The German style of war business
In recent decades, a new generation of historians has begun to revise the traditional accounts of Ottoman history and offer new perspectives. Naci Yorulmaz’s newly published study of personal diplomacy during the German-Ottoman arms trade (1876-1914) offers a fresh perspective on late Ottoman history. By analyzing a chain of interactions, Yorulmaz focuses on how political, economic and military actors shaped the flow of arms and, consequently, how that trade influenced diplomatic relations and shaped foreign policy. “Arming the Sultan: German Arms Trade and Personal Diplomacy in the Ottoman Empire Before World War I” takes us into the network comprised of armament firms, banks, military diplomats, advisers and bureaucrats. As a reflection of this agency-centered approach, the book covers the personal interventions of several actors, including German Chancellor Otto von Bismarck, Kaiser Wilhelm II, Sultan Abdülhamit II and military adviser Colmar Freiherr von der Goltz Pasha.
Isolated by other European governments, the Ottomans considered friendly relations with Germany crucial. For its part, Germany, without colonial ambitions over the Ottoman territories, appeared as a potential ally for the Ottoman state under intense external aggression. At one end of this mutually beneficial bilateral relationship is the late Ottoman Empire, which lost twofifths of its territories and one-fifth of its population after the RussoTurkish War in 1877-1878. Germany, at the opposite end, was focused on acquiring new markets and raw materials to promote industrial development and its drive to become a world power ( Weltmacht). In order to encourage arms sales, Bismarck used Germany’s military reputation gained during the Franco-Prussian War (1870-1871). For both sides, then, this arms trade appeared as a political bonanza.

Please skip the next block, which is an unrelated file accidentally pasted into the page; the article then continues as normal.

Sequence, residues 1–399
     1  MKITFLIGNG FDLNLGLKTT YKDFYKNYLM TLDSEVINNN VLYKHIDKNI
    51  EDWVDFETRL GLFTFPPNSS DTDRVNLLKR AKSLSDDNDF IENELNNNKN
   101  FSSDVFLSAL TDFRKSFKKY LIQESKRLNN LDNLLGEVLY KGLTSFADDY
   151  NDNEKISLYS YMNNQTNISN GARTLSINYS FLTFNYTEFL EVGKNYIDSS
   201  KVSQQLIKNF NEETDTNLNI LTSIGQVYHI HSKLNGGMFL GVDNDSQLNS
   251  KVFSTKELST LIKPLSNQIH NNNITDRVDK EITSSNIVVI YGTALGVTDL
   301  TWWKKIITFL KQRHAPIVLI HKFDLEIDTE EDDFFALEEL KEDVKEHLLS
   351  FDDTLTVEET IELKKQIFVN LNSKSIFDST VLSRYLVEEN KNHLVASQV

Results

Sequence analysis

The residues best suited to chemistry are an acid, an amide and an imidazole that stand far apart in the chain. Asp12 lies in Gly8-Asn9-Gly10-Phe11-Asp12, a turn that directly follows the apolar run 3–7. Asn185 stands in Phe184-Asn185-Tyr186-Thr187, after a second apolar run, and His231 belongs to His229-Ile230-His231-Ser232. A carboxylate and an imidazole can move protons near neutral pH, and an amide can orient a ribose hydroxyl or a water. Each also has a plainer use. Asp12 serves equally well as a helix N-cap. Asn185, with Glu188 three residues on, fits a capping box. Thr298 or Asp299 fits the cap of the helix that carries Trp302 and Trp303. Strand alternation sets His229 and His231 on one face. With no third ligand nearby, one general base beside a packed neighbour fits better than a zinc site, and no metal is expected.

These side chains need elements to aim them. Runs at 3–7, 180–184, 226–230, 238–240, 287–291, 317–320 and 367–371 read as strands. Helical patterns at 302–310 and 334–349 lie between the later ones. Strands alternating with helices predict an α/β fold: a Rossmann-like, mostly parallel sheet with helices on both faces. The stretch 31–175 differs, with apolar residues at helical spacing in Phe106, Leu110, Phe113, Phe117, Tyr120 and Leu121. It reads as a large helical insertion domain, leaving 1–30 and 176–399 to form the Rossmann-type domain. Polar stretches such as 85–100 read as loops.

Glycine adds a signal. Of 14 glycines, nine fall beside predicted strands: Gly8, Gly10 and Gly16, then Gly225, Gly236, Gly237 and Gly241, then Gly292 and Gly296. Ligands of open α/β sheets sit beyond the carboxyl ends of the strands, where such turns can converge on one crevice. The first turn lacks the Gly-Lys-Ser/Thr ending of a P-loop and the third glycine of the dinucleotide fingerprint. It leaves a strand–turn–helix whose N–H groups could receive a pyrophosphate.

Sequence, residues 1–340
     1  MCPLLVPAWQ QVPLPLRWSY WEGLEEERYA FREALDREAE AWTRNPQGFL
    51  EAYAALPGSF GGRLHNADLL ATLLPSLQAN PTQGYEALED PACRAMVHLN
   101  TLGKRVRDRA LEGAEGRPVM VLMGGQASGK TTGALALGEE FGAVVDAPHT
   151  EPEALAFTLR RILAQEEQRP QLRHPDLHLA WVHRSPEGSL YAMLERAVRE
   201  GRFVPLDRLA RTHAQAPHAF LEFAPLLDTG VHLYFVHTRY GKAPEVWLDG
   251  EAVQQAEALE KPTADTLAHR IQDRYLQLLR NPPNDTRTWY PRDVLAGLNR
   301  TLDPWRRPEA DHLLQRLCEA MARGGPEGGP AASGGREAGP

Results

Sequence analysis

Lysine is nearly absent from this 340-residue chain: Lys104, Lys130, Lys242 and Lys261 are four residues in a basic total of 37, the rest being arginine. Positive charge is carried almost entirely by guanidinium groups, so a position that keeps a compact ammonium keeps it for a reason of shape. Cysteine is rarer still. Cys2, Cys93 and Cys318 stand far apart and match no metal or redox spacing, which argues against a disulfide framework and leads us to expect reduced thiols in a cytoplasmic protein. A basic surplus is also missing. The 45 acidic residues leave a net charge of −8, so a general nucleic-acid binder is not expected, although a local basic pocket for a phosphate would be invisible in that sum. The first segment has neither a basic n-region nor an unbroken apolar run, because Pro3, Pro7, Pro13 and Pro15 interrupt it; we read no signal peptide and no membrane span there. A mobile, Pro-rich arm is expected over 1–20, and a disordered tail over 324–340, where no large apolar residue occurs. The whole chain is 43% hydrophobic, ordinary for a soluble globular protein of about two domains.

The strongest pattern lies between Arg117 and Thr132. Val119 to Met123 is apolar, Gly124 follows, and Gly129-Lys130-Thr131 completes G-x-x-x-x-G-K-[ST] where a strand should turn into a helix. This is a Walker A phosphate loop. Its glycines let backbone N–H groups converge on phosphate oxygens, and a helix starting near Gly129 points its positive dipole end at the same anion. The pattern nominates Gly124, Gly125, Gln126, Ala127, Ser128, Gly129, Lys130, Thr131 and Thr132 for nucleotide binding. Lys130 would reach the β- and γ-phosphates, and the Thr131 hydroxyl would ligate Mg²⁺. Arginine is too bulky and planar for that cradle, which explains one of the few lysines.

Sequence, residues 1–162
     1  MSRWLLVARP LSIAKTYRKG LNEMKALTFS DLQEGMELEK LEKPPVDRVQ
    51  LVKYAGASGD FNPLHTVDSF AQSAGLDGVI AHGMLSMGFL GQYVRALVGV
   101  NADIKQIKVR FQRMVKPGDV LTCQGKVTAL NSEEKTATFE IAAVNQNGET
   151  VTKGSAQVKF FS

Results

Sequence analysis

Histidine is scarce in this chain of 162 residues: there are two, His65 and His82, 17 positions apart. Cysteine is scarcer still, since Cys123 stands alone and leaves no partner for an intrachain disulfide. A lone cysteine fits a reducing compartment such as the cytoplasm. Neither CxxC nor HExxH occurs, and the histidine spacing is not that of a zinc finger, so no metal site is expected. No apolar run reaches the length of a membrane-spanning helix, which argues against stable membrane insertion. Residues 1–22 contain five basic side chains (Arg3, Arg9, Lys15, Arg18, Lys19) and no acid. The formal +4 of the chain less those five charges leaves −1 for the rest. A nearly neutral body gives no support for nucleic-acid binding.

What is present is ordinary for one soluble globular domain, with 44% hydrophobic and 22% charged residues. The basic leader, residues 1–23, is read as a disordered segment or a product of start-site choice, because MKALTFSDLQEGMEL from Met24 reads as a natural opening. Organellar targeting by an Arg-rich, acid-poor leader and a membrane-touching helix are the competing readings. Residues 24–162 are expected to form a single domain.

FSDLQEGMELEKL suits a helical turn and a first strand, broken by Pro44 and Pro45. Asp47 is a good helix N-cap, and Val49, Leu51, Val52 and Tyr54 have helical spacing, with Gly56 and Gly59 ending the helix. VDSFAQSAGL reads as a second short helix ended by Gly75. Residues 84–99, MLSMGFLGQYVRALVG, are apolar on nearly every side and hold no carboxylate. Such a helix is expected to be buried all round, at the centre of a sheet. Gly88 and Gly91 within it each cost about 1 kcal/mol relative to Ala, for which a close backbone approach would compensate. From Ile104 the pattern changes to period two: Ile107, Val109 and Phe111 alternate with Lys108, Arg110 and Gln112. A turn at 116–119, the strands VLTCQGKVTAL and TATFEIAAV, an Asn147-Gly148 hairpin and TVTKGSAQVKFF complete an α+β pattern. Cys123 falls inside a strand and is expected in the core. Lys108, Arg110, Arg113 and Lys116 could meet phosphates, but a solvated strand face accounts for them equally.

At this historical juncture, Yorulmaz argues, the German government’s attitude contrasted with the aggressive colonial attitude of other European countries and instead employed a language of cooperation and soft power in its diplomatic relations. Instead of direct colonization via imperialist military power, Bismarck preferred the penetration of overseas countries by exporting German products and dispatching civil and military advisers who could provide reliable information to their government (26). The book coins the term the “German style of war business,” which refers to the “distinctive importance of personal diplomacy applied to arms sales negotiations through the creation of […] influence networks based on close personal relationships” (2). Yorulmaz underlines here the undeniable role of non-commercial actors in the arms trade, led by armament firms like Krupp and Mauser, and calls them “businessmen in uniform” (68). They employed a variety of tactics, from forging intimate friendships with palace officials to offering